With the sheer amount of content in Warframe, I know what you’re probably thinking right about now: “I bet it’s a grind.” Wrong. There’s actually an engaging storyline, and the best thing about it is it’s almost optional, you can play as much or as little as you like. The campaign isn’t forced, and I haven’t even finished it after 150 hours of play. No, this isn’t due to incompetence; it’s because I got lost in this game instead of smashing mercilessly through the storyline. I became obsessed with acquiring every Warframe in the game.
My experience with the multiplayer exceeded expectations, with public matchmaking, PVP, and even guild capabilities. The reason I can play for so long is the social aspect; matchmaking is on by default, and random teammates are found very quickly. There is a downside to the incessant forced teamwork, however, which are speed-runners. Speed-running has become embedded within the Warframe culture. If you’re in a popular public event, you’ll inevitably be matched with a speed-runner, meaning they run past all the mobs in a map, head straight to, and often complete the objective, then beeline straight to the extraction point. It’s stressful at best, especially if you get lost in the map, which is different every time.
Worse still is if these pushy speed-runners get lippy or abusive, which can happen. With such a large player base you’re bound to encounter some negative interactions. They’re not all bad, and for the most part, the player base is professional, almost austere. Forcing teamwork also adds a level of camaraderie to the game. I was very impressed with the clan (guild) dojo, and how its necessity gave way to natural character progression. You need to be in a clan to gain access to a suite of research labs, where you can build new resources, weapons and Warframes.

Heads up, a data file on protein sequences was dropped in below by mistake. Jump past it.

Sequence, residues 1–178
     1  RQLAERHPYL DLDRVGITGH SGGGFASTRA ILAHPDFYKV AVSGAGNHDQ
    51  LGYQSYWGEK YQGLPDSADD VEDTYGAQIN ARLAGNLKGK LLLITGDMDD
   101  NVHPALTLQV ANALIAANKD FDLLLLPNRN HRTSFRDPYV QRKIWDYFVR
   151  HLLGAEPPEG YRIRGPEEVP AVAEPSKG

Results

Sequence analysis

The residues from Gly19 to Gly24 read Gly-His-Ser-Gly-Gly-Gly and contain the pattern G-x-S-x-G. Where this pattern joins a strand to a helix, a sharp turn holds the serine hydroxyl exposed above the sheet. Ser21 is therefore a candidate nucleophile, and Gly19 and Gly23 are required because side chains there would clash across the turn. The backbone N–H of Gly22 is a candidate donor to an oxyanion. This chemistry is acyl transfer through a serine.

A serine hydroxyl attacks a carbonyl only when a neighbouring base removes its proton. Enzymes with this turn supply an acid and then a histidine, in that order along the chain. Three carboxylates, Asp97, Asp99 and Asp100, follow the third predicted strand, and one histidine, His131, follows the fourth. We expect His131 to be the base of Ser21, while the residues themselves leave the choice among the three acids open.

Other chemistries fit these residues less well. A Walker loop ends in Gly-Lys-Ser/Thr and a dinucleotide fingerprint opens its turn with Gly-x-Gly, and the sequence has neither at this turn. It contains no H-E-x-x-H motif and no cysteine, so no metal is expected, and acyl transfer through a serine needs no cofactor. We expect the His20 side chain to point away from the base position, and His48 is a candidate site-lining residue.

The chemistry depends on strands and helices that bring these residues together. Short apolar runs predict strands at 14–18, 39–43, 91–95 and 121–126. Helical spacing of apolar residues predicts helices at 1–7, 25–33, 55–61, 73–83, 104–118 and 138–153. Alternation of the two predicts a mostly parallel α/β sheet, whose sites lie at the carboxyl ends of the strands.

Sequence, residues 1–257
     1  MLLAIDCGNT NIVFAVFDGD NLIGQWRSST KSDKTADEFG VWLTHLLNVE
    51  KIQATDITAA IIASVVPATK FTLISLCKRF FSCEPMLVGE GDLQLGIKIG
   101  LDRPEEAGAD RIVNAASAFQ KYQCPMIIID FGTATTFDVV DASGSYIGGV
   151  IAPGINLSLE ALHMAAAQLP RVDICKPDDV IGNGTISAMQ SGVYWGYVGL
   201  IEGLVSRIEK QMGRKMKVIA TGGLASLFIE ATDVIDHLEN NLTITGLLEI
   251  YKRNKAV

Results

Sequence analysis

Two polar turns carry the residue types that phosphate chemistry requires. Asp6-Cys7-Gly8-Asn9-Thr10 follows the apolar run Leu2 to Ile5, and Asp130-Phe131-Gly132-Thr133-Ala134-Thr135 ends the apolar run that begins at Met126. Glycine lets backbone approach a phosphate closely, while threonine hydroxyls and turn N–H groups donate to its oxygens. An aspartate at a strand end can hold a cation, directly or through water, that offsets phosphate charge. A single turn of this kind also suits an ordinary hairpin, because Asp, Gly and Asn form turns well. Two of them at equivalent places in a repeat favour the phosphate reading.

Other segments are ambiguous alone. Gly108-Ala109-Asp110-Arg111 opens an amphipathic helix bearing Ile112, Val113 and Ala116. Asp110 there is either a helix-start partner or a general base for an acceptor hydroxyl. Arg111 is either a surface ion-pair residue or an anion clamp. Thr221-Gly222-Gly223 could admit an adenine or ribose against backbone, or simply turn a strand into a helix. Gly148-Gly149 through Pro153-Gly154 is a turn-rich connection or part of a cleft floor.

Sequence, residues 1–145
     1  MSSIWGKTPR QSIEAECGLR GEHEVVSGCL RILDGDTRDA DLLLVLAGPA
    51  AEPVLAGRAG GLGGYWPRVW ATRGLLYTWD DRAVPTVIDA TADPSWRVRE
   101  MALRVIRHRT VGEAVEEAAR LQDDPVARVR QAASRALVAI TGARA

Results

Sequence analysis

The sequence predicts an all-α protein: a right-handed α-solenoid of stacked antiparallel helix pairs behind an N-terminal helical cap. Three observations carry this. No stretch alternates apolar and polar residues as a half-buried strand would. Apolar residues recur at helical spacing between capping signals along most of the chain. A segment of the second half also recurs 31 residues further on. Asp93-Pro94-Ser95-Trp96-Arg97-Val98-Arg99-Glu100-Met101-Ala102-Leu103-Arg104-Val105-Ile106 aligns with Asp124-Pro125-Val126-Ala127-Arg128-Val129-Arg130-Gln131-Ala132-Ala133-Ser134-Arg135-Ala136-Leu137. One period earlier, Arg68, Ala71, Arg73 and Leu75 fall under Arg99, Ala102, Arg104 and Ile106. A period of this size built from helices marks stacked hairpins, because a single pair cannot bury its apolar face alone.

Despite a large, active player base, though, there’s still lots of people who’ve never heard of Warframe, let alone tried it. If that’s you, maybe it just slipped under your radar. But whatever the reason, it’s worth diving into now; especially since the major expansion released in late 2017, the Plains of Eidelon. This was such a significant update that it caused rumblings deep in the gaming world about it essentially being a new game. This was when I started playing, and why I think it’s so amazing. To the developers’ credit, there have been consistent content updates since the then, as well. If you were an early adopter of this game and were disappointed, I urge you to give it another chance.
Five years after its initial launch, Warframe has slowly but surely transformed into the perfect game. It’s hard to fault, especially given it’s a free-to-play title that so successfully subverts the negative stigma that comes with that model. Not only is it free with a ridiculous amount of content, it’s also uniquely balanced with fantastic multiplayer and social capabilities. Rather than building towards the agreed upon way of playing, there’s enough power distribution among items to allow for real customisation. The only drawbacks are those that are common to all other massive games, which come down to the player base. If you’ve not tried it yet, make the time. You’ve literally got nothing to lose.